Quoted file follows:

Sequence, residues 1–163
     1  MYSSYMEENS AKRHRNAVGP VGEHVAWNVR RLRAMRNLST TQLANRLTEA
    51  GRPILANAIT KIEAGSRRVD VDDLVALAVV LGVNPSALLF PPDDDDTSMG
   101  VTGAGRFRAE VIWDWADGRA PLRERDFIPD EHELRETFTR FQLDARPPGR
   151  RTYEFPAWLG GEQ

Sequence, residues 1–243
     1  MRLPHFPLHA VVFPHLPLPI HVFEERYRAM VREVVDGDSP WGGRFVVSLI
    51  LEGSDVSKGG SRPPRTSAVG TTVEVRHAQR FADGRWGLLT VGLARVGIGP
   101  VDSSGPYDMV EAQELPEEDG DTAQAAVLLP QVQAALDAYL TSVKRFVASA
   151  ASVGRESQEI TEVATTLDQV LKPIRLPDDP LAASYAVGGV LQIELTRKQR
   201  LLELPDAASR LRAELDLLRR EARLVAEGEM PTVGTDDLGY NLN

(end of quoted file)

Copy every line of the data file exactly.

Sequence, residues 1–163
     1  MYSSYMEENS AKRHRNAVGP VGEHVAWNVR RLRAMRNLST TQLANRLTEA
    51  GRPILANAIT KIEAGSRRVD VDDLVALAVV LGVNPSALLF PPDDDDTSMG
   101  VTGAGRFRAE VIWDWADGRA PLRERDFIPD EHELRETFTR FQLDARPPGR
   151  RTYEFPAWLG GEQ

Sequence, residues 1–243
     1  MRLPHFPLHA VVFPHLPLPI HVFEERYRAM VREVVDGDSP WGGRFVVSLI
    51  LEGSDVSKGG SRPPRTSAVG TTVEVRHAQR FADGRWGLLT VGLARVGIGP
   101  VDSSGPYDMV EAQELPEEDG DTAQAAVLLP QVQAALDAYL TSVKRFVASA
   151  ASVGRESQEI TEVATTLDQV LKPIRLPDDP LAASYAVGGV LQIELTRKQR
   201  LLELPDAASR LRAELDLLRR EARLVAEGEM PTVGTDDLGY NLN